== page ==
8. That is one of the legislative provisions not adopted (LPNAs). I noticed there was a lot of verbage about a report. However, it is not associated with a part of the law. The LPNA also requires GAO to report within 6 months. It takes GAO longer than 6 months to get started. There are other late sections of the law that request GAO to report on labor laws.
  9. I thought I remembered one section requiring intellectual property--of some sort--as an evaluation factor. I did a quick scan of the sections and the LPNAs and could not find it. Maybe I was having a nightmare. If you find something like that, please point it out. That seemed an especially bad idea to me. If I find it in the next few days when I do a 100% review, I'll point it out. I do have the wrong title of the Law on one of the pages.
  10. I've added the draft 19th annual Wifcon.com analysis of the National Defense Authorization Act to the Home Page. It is draft because I haven't proofed all the textual mistakes and haven't finished the LPNAs, etc. Also, I haven't checked other parts of the law to see if there are other contracting perfections in the other titles of this wonderful piece of legislation. It's about 80 congressial perfections to defense contracting. Some perfections have perfected other annual perfections, etc. There is something for everone to love in it, I'm sure. Look at the bright side, there are over 30 more near-perfections that didn't make the cut. See the unfinished LPNAs.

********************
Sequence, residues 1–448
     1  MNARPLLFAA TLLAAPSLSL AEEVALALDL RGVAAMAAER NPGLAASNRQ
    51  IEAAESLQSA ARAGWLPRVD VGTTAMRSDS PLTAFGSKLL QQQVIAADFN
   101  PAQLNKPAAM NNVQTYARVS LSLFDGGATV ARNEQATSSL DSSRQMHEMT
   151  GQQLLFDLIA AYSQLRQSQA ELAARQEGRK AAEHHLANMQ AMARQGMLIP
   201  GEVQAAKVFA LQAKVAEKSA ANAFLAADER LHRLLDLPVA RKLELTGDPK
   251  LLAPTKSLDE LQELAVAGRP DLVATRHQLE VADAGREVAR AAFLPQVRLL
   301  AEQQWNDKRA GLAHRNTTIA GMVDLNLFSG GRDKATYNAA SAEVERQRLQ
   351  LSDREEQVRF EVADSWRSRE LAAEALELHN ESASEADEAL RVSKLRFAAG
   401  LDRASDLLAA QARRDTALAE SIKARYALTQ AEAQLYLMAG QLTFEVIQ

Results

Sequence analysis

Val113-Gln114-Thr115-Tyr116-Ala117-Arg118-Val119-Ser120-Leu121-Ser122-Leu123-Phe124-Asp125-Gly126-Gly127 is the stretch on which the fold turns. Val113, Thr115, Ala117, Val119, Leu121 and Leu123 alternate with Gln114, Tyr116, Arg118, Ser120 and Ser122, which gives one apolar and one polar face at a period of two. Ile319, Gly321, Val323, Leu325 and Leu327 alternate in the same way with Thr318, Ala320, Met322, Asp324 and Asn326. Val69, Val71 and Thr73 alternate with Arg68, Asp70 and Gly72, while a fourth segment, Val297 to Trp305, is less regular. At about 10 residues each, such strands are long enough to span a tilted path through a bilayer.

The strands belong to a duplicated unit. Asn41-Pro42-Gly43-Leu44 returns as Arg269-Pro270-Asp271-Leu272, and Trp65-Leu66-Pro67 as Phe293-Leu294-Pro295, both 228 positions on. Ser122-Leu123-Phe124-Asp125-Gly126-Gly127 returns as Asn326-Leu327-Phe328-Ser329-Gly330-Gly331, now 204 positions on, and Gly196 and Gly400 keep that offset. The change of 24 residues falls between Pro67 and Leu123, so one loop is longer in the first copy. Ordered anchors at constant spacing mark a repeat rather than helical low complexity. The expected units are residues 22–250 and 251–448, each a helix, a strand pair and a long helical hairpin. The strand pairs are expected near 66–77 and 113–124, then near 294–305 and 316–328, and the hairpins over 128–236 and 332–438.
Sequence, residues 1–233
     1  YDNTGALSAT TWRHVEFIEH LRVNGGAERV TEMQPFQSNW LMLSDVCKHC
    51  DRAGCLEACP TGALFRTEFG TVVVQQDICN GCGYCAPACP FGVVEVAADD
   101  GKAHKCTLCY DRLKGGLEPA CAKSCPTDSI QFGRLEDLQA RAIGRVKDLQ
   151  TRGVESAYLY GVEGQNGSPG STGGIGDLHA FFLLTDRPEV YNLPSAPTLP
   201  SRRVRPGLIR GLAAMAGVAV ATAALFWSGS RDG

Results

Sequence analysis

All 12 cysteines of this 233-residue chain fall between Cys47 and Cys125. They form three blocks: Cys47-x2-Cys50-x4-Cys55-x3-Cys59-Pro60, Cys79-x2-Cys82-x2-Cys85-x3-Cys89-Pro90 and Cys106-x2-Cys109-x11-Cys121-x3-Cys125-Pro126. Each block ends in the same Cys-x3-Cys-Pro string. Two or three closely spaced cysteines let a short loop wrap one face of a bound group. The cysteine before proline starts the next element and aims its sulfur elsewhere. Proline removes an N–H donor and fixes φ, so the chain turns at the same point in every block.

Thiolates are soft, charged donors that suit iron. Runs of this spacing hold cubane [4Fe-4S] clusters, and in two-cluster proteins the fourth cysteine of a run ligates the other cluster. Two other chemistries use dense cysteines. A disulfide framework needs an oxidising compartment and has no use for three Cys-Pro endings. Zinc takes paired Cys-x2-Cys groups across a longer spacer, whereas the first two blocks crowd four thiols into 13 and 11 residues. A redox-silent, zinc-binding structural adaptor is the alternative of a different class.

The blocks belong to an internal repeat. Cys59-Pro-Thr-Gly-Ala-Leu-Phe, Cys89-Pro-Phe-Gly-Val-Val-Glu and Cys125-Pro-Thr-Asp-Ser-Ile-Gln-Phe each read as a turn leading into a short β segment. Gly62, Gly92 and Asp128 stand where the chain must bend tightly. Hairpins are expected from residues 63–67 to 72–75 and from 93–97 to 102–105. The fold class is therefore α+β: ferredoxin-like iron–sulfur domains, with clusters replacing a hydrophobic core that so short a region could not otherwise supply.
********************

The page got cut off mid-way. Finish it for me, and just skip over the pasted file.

11. I would not download the FAR or any supplement at all due to the contant changes in the regulations. I would use the Electronic Code of Federal Regulations (e-CFR) You will see in red "current as of December 31, 2019." Let's check a recent change to an agency supplement to see if the e-CFR updates. Go the the Home Page of Wifcon.com in the left column about half-way down. You will notce this change published in the Federal Register: You now know the GSAR has been changed. The hard copy you downloaded a couple of weeks ago, is outdated. If you look at the 12/19/2019 FR, you will see that GSAR Part 536 has been changed. Is the e-CFR current? Let's check. Go back to the e-CFR. Look for GSA. Ah, it is in chaper 5 of the FAR System. Click it. We're looking for Part 536. First mentally bracket Part [5]36 like this. That's to remember we are dealing with the FAR System. Scroll down to Subpart 536.1 and click it. Notice 536.102 xxx. You will see notification of the 12/19/2019 change as a link. Click the link. It shows you the change where it is supposed to be in the GSAR which is part of the FAR System and tells you when it is effective. The DFARS was modified on 12/31/2019 as the Wifcon.com Home Page shows. I am not aware of any more recent change to the FAR System. That is probably why the e-CFR says current as of 12/31/2019. An added advantage of the e-CFR is that it shows latest FR change in brackets at ends of sections. Over the past 2 decades, I've seen the FARsite and acquisition.gov grow to their current forms. I've also seen agencies, who once published their own supplement on their contracting pages, link to the e-CFR as I do. I am quite sure that the e-CFR has a direct link to the FR so it can update immediately. This is the electronic age (and my terminology for this age may be outdated too) and the e-CFR is the best that I've seen on the internet. Nothing compares to it. Everything is at your fingertips according to the FAR system. It's always there with you. You can check it on your desktop, your laptop, your note pad, your phone.